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It is not sufficient to check just the code, you must also check the installation instructions for the particular gas stove you're installing. High BTU gas ranges can burn so much gas that you have to provide venting, not because they produce toxic gas, but because they eat all the available oxygen, and raise the temperature in the kitchen to unacceptable levels.
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Only if you don't mind all the smoke going off into the rest of the house.
I'd like to install a range hood for additional lighting and to help

Only if you don't mind all the smoke going off into the rest of the house.
I've lived in homes and apartments for many years that had no hood

Where else does the smoke go? To the place where single socks are?
I was under the impression gas

Gas may burn clean enough, but, again, where does the smoke and odor go?
Hint: Through the rest of the house.
Steve
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Methinks that many in this thread need remedial cooking lessons, they seem to burn the food and create so much smoke.
As to odor, well, maybe again it's your cooking that leaves something to be desired. Little surpasses the odor of frying bacon and eggs on a weekend morning to urge you to rise and stumble salivating to the kitchen for cholesterol injection. Or, the smell of fresh-baking or -baked bread wafting gently into your home-office and drawing you to break it while still warm. Or, the down home earthy fragrance of a slow-cooking pot of pea and ham soup announcing that you should start your gastric juices aflowing. OTOH if your culinary skills are more in the nature of boiled cabbage maybe you do need a super-exhausting range hood <g>.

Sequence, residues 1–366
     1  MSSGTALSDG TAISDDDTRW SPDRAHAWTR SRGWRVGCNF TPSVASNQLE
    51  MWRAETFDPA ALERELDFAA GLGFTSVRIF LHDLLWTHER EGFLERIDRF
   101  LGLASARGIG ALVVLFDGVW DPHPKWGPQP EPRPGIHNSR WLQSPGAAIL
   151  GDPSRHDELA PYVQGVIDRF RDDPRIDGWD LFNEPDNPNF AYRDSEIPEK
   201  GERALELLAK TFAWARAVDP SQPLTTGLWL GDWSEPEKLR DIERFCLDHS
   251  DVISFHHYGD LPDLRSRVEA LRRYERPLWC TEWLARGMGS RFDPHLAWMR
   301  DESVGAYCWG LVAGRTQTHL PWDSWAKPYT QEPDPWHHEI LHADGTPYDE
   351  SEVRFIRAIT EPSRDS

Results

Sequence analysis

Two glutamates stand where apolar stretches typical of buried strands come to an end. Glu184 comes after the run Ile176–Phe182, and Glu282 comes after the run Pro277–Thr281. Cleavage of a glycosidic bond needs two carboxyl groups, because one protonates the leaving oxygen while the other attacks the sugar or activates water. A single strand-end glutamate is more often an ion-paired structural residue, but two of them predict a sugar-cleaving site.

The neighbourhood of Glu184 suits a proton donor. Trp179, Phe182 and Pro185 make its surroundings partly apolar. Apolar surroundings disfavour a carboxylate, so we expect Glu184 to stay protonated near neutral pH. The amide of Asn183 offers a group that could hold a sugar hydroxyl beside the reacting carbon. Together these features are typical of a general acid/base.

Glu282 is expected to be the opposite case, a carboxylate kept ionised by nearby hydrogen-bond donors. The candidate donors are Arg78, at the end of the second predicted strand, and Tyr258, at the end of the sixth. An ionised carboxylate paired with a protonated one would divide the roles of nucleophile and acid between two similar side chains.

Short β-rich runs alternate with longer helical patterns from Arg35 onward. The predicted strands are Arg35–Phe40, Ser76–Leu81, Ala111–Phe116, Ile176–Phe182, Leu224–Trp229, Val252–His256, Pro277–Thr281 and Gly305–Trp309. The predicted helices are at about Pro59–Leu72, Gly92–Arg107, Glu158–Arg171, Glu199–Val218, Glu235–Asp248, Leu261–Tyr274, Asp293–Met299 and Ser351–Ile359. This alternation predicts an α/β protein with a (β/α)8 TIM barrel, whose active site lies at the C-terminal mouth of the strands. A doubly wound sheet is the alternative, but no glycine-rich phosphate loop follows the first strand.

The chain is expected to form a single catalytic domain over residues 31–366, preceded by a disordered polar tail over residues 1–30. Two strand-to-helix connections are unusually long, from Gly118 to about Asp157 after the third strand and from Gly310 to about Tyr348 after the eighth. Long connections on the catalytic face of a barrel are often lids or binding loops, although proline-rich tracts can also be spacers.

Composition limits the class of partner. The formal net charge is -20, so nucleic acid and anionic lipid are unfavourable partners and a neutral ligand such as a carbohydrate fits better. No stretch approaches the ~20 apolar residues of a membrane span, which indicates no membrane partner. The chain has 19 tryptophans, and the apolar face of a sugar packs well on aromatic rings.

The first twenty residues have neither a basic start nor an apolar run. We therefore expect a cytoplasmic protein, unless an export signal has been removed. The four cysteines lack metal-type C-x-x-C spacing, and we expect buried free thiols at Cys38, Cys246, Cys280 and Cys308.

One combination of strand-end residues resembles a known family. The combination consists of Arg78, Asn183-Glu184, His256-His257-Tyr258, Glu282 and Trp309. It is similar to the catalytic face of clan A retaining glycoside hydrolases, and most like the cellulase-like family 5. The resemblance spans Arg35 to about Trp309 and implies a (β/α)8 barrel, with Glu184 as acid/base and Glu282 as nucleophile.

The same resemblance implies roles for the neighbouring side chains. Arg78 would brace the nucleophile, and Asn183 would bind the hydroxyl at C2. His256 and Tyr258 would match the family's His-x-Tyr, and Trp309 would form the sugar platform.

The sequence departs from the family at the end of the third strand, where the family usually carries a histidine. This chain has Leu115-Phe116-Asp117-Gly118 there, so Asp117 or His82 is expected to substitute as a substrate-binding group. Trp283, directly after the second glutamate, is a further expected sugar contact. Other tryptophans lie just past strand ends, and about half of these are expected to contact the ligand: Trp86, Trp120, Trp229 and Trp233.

Grease is another matter. I have a large commercial range hood with 2" thick aluminum filters (as opposed to the 1/4" home version) which is vented (poorly) to the outside. Very little grease is deposited inside the range hood behind the filters. They, OTOH, require at least monthly dishwasher-ing, otherwise they begin to drip. IOW as long as there's sufficient air flow the filters will pick up almost all the grease regardless of where the venting is to.
As to smoke, like grease it too is particulates carried in the airstream but the filters seem to do nothing to remove it. I wonder if the activated charcoal type would do something here? Alternatively isn't there some form of electrostatic filter similar to what the coal generating power stations use to reduce their particulate emissions?
The problems with venting to the outside are that
- you're throwing out all that air you've paid to heat
- high level exhaust fans are very expensive
- there are regulations relating to proximity to windows, neighbors etc which result in the to-the-roof eyesores you see exiting restaurants
- you have to provide make-up air.
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Isn't there still a solution in between the extremes, like the old style through-the-wall fans with the flap that opens on the outside?
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They work fairly well if the range is on the outside wall. If on an interior wall they don't draw enough to very good clearing, but anything is better than nothing. Of course ducting a hood from an interior wall is not easy either.
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wrote in message

Never trusted that idea. I can't imagine what sort of crud collects in the ductwork.
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wrote in message